Spring Is Bustin’ Out All Over!
And you say, “Well, not where I live, Buster!” I know, I know… I’m writing this column the last week in February, and even in North Carolina it still seems more like winter than spring. Three weeks ago we got 15 inches of snow here at the farm; and most recently we’ve had enough rain to float Noah’s ark! But this very day, February 23rd, the mercury hit 65 degrees and Ol’ Mr. Sun has not been hidden by a single cloud that I’ve noticed. So… It does sort of seem like Spring may not be all that far away. Hope not!
Meanwhile, only this far into my column, our many friends in the Upper Midwest and Canada and New England (and almost everywhere!) are probably saying, “Has he lost his mind? Talking about Spring bustin’ out all over! Well it is!!! If you just look at the COVER of this Mar-Apr issue!
And so you flip the page and take another look at the cover picture… And, if you’re a kind and open-minded person, you may whisper to yourself, “Well it does look kind of “Spring-y.” But why is he wasting his column yapping about the weather. Doesn’t he know this magazine is supposed to be about all kinds of old hunting and fishing stuff… Whoops, I mean… about all kinds of “rare and valuable hunting and fishing artifacts!”
And then I get to gleefully say, “Bingo!” Yes, of course, absolutely! To be sure, the cover picture does have springtime written all over it, but that’s NOT the main reason I chose it. Look at all those funky signs. Read what they say. Then try to tell yourself, “I’d never stop at a place like that! Probably nothing of any value there. Just a lot of junk!”
Correct me if I’m wrong, but I think the old Decoy Shop pictured on the cover is exactly the kind of place that most of us couldn’t possibly pass up. Granted, we wouldn’t really expect to find a treasure there – a 5 or 6-figure decoy or an absolutely pristine, super-rare fly rod or reel. Of course not! But it is the kind of shop, in the kind of setting that makes a true collector’s heart beat fast.
The “setting.” Oh, yes, the setting, the place, the location – Duck, North Carolina on the state’s famous “Outer Banks.” Today it’s famous as a summer beach resort, but ’twas not always so! Real hunters and real fishermen worked the sea and shore for countless years. And in more modern times Big City “Sports” came to “play” there. And so… Early on, so to speak, local craftsmen (Hunters and Fishermen) created the “tools of their trade,” some of which are highly collectible artifacts today. And later… the well-heeled “Sports” brought expensive “toys” (decoys, etc.) with them, some of which (perhaps many) were left behind when they returned to the “Big Cities.”
A final word about the COVER photo. Today the carver, Maurice Pease, and his wife, Bea, are a part of mostly unrecorded history. I looked for his story in several decoy books that focus on Currituck Sound and Outer Banks carvers but came up empty. James Nelson and his son from Pennsylvania, however, discovered Pease in 1979. You’ll find Jim’s account of the little known carver, along with photos inside this issue.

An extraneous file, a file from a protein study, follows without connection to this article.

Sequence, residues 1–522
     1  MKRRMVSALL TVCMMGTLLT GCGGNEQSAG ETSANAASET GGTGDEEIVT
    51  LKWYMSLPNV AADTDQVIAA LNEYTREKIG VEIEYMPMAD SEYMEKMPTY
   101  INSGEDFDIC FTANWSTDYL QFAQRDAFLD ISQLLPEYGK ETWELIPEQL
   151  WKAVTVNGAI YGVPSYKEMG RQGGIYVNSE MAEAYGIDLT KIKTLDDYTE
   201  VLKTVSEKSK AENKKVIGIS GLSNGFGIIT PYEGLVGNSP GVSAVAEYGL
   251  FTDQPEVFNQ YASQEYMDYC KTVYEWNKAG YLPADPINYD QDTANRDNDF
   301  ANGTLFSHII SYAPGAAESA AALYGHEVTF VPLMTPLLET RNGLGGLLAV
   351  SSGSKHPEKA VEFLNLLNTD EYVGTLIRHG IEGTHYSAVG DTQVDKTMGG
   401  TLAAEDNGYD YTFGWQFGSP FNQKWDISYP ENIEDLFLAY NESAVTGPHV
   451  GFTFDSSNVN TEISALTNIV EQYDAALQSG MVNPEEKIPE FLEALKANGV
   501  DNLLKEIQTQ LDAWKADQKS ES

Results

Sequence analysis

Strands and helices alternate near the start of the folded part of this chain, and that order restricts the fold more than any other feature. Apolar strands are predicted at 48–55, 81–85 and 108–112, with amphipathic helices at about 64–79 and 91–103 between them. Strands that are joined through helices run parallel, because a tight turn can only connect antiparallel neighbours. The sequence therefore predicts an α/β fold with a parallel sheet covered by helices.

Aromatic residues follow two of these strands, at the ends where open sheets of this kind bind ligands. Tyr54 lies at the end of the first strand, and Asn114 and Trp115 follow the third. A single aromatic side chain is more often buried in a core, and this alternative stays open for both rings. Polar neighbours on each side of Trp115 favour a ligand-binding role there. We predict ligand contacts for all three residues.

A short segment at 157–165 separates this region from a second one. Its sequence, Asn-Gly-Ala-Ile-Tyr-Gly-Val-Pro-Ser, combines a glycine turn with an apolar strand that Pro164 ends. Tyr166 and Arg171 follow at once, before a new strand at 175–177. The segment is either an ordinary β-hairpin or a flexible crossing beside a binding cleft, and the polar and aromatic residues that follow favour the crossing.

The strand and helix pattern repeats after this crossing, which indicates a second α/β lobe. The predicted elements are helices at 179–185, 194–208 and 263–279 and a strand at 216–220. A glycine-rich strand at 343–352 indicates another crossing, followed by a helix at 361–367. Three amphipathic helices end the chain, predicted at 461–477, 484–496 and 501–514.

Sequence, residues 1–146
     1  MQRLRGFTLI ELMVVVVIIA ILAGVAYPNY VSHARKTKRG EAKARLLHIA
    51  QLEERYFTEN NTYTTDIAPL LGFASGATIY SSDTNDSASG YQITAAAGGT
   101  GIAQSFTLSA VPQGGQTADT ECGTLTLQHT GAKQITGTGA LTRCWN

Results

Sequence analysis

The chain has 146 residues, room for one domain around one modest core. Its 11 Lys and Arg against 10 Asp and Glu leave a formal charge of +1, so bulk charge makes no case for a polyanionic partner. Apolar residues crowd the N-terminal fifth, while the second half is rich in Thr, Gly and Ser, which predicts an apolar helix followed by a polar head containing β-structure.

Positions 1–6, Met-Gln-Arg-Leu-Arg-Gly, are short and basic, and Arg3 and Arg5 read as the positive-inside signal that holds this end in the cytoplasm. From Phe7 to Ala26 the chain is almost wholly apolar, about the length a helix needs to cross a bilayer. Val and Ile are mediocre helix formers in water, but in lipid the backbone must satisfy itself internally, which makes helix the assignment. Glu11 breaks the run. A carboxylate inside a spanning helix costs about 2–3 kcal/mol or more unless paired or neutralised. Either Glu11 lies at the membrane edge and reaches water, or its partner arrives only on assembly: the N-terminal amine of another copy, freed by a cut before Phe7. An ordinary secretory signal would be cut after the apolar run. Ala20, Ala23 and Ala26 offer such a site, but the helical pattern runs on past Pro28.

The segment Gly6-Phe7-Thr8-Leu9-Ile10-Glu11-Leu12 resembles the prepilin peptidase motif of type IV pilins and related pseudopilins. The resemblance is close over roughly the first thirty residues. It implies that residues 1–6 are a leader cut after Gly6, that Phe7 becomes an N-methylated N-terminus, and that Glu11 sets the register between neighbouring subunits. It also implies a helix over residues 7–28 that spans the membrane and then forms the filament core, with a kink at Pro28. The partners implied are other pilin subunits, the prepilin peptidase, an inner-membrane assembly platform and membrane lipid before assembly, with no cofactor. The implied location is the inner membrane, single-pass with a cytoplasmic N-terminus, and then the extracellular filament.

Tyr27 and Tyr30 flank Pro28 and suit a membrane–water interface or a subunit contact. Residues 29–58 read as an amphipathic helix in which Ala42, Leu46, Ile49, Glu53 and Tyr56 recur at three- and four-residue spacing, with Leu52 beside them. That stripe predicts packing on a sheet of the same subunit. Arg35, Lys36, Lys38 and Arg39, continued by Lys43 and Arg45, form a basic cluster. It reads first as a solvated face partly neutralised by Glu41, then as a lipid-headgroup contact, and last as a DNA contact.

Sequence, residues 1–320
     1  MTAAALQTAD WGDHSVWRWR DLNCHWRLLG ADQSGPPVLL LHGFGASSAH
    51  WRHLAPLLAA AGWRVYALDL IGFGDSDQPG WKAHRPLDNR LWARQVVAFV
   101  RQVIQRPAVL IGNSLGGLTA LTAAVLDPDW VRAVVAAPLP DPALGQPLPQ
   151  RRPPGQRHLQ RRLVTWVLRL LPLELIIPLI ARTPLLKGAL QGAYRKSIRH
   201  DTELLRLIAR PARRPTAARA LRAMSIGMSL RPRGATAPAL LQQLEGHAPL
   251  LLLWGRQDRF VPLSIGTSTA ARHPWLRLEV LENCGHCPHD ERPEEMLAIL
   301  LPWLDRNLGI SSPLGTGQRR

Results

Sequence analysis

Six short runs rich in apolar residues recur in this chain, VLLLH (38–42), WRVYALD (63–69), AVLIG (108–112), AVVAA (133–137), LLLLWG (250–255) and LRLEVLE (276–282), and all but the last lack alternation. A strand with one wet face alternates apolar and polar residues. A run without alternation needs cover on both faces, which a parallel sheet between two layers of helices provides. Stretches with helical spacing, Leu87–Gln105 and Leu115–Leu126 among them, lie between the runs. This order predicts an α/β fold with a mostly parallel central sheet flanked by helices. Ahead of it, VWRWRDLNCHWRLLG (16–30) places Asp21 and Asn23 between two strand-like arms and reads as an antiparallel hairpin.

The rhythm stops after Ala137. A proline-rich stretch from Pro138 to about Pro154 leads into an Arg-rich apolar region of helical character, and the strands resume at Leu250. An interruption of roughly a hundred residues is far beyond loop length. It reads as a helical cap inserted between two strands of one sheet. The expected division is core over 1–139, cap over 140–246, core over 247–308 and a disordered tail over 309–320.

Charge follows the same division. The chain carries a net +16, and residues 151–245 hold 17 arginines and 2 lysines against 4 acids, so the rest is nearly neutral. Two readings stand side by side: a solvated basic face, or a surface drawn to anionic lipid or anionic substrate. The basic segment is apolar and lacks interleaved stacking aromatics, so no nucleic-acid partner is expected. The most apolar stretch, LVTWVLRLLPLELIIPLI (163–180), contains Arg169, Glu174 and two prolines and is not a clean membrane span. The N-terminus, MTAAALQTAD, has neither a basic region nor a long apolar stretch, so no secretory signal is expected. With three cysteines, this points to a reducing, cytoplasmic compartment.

There are several other ground-breaking stories in this new issue of H&FC. Dr. Steve Irwin chronicles the first of a two-part series that describes the history, achievements, and artifacts of the “Great Hunters from the North” – the Eskimos. “Fascinating” and “Extraordinary” barely scratch the surface of their “survival story!”
Dr Irwin begins his historical tale with these words: “The effectiveness and the artistic quality of our duck decoys, calls, lures and fish decoys, along with the outdoor savvy of the market hunters and sportsmen who utilized these items, is the “stuff” that gives our collections their appeal. Hunting and fishing have been happening for a long time in North America – perhaps more than 15,000 years. Our First Americans, the Indians and Eskimos (Inuit) were, simply stated, the greatest hunters and fishermen the earth has ever known.”
Mike Turner, from England, longtime collector of American decoys, wanted to come back at least “one more time” to renew old acquaintances and vist longtime friends. He had to agree to his wife’s forced promise of “No more decoys!” in order to get her blessing for the trip. Of course, it’s an easy guess as to whether or not he kept his promise! Read all about his fun trip inside these pages.
Chuck and Margaret Ondrick take us to the far North of Michigan’s “UP” – the Upper Peninsula, “a region covered with a vast amount of forest, lakes, rivers and ancient worn-down mountains, sparsely populated, wild and beautiful with plentiful game and fish. They are talking spearfishing history, of course!
Bob Poel, whose research into Sibley factory decoys has provided us with considerable information that “we didn’t know before,” tells us about “the other” factory decoy that had an inserted bill, the Bresnahan! “Breaking News,” sure enough.
Anyway, lots of very interesting reading in this latest rendition of old H&FC Magazine. Hope you enjoy! And… Hope “Spring really IS “Bustin’ out all over” wherever you may live! “Happy collecting, everybody!”